Statistically speaking, long term investing is a profitable endeavour. But unfortunately, some companies simply don't succeed. For example the Wockhardt Limited (NSE:WOCKPHARMA) share price dropped 65% over five years. That's an unpleasant experience for long term holders. And we doubt long term believers are the only worried holders, since the stock price has declined 62% over the last twelve months. Furthermore, it's down 41% in about a quarter. That's not much fun for holders.
If the past week is anything to go by, investor sentiment for Wockhardt isn't positive, so let's see if there's a mismatch between fundamentals and the share price.
Wockhardt wasn't profitable in the last twelve months, it is unlikely we'll see a strong correlation between its share price and its earnings per share (EPS). Arguably revenue is our next best option. Generally speaking, companies without profits are expected to grow revenue every year, and at a good clip. As you can imagine, fast revenue growth, when maintained, often leads to fast profit growth.
Over half a decade Wockhardt reduced its trailing twelve month revenue by 8.2% for each year. While far from catastrophic that is not good. The share price decline of 11% compound, over five years, is understandable given the company is losing money, and revenue is moving in the wrong direction. The chance of imminent investor enthusiasm for this stock seems slimmer than Louise Brooks. Ultimately, it may be worth watching - should revenue pick up, the share price might follow.
The image below shows how earnings and revenue have tracked over time (if you click on the image you can see greater detail).
Balance sheet strength is crucial. It might be well worthwhile taking a look at our free report on how its financial position has changed over time.
What about the Total Shareholder Return (TSR)?
We'd be remiss not to mention the difference between Wockhardt's total shareholder return (TSR) and its share price return. Arguably the TSR is a more complete return calculation because it accounts for the value of dividends (as if they were reinvested), along with the hypothetical value of any discounted capital that have been offered to shareholders. Its history of dividend payouts mean that Wockhardt's TSR, which was a 62% drop over the last 5 years, was not as bad as the share price return.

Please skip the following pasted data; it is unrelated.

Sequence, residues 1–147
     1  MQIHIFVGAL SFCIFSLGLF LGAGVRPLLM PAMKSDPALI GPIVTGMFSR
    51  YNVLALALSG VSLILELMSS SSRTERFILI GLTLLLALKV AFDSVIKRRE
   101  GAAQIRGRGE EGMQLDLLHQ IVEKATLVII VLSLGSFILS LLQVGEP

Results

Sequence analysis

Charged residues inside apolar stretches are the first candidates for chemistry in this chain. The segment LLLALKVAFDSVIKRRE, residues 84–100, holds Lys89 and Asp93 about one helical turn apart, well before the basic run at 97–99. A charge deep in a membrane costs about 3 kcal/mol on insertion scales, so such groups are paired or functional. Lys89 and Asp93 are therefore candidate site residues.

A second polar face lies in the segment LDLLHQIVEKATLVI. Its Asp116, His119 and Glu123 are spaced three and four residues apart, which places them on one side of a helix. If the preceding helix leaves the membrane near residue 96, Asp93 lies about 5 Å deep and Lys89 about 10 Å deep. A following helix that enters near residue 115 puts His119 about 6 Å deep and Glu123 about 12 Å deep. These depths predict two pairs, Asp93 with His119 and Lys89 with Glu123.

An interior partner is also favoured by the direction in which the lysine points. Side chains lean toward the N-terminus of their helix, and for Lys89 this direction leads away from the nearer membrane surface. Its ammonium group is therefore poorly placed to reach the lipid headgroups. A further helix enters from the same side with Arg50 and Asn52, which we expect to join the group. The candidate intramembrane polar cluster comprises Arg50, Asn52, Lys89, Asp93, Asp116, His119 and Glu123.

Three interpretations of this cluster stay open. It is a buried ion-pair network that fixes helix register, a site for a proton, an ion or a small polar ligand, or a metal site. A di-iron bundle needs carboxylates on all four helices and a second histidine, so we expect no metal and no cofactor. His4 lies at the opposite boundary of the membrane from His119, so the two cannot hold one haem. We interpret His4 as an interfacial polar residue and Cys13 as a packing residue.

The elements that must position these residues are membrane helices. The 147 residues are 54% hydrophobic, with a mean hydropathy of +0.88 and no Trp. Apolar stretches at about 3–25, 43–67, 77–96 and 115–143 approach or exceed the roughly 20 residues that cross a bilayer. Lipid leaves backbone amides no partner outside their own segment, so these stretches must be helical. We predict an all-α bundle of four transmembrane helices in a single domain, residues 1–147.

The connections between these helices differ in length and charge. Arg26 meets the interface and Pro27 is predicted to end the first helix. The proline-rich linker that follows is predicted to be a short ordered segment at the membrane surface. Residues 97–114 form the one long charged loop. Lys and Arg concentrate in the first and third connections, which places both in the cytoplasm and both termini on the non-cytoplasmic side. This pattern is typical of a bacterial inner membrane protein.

A Different Perspective
While the broader market gained around 13% in the last year, Wockhardt shareholders lost 59%. Even the share prices of good stocks drop sometimes, but we want to see improvements in the fundamental metrics of a business, before getting too interested. Unfortunately, last year's performance may indicate unresolved challenges, given that it was worse than the annualised loss of 10% over the last half decade. We realise that Baron Rothschild has said investors should "buy when there is blood on the streets", but we caution that investors should first be sure they are buying a high quality business. It's always interesting to track share price performance over the longer term. But to understand Wockhardt better, we need to consider many other factors. Case in point: We've spotted 2 warning signs for Wockhardt you should be aware of.
If you are like me, then you will not want to miss this free list of growing companies that insiders are buying.
Please note, the market returns quoted in this article reflect the market weighted average returns of stocks that currently trade on IN exchanges.
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This article by Simply Wall St is general in nature. We provide commentary based on historical data and analyst forecasts only using an unbiased methodology and our articles are not intended to be financial advice. It does not constitute a recommendation to buy or sell any stock, and does not take account of your objectives, or your financial situation. We aim to bring you long-term focused analysis driven by fundamental data. Note that our analysis may not factor in the latest price-sensitive company announcements or qualitative material. Simply Wall St has no position in any stocks mentioned.